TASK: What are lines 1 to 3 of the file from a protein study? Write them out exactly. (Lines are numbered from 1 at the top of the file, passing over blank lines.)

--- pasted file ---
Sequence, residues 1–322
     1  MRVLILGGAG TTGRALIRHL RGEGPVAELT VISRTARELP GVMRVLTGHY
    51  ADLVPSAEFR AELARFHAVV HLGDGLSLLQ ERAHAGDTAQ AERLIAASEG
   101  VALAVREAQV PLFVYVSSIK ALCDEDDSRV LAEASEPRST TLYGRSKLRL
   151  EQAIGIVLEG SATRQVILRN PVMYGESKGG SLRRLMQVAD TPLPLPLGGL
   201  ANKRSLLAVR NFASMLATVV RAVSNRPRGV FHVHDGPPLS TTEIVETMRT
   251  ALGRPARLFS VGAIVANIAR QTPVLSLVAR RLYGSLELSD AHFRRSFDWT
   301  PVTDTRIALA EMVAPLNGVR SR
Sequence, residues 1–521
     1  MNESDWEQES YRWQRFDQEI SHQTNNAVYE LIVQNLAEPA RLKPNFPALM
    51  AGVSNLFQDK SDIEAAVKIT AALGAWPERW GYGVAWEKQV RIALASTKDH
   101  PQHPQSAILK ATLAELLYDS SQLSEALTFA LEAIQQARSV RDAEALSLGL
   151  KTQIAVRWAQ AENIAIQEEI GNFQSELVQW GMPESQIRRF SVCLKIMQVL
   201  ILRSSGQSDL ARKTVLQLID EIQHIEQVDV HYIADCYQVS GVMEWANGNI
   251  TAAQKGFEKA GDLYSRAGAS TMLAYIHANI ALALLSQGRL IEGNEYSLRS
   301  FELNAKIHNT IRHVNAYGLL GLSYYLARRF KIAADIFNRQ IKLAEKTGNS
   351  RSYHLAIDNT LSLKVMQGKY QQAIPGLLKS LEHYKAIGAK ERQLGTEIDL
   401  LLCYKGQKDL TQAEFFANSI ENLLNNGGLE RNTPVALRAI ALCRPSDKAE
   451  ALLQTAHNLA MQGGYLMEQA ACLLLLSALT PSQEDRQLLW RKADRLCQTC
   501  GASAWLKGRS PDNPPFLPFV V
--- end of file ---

Sequence, residues 1–322
     1  MRVLILGGAG TTGRALIRHL RGEGPVAELT VISRTARELP GVMRVLTGHY
    51  ADLVPSAEFR AELARFHAVV HLGDGLSLLQ ERAHAGDTAQ AERLIAASEG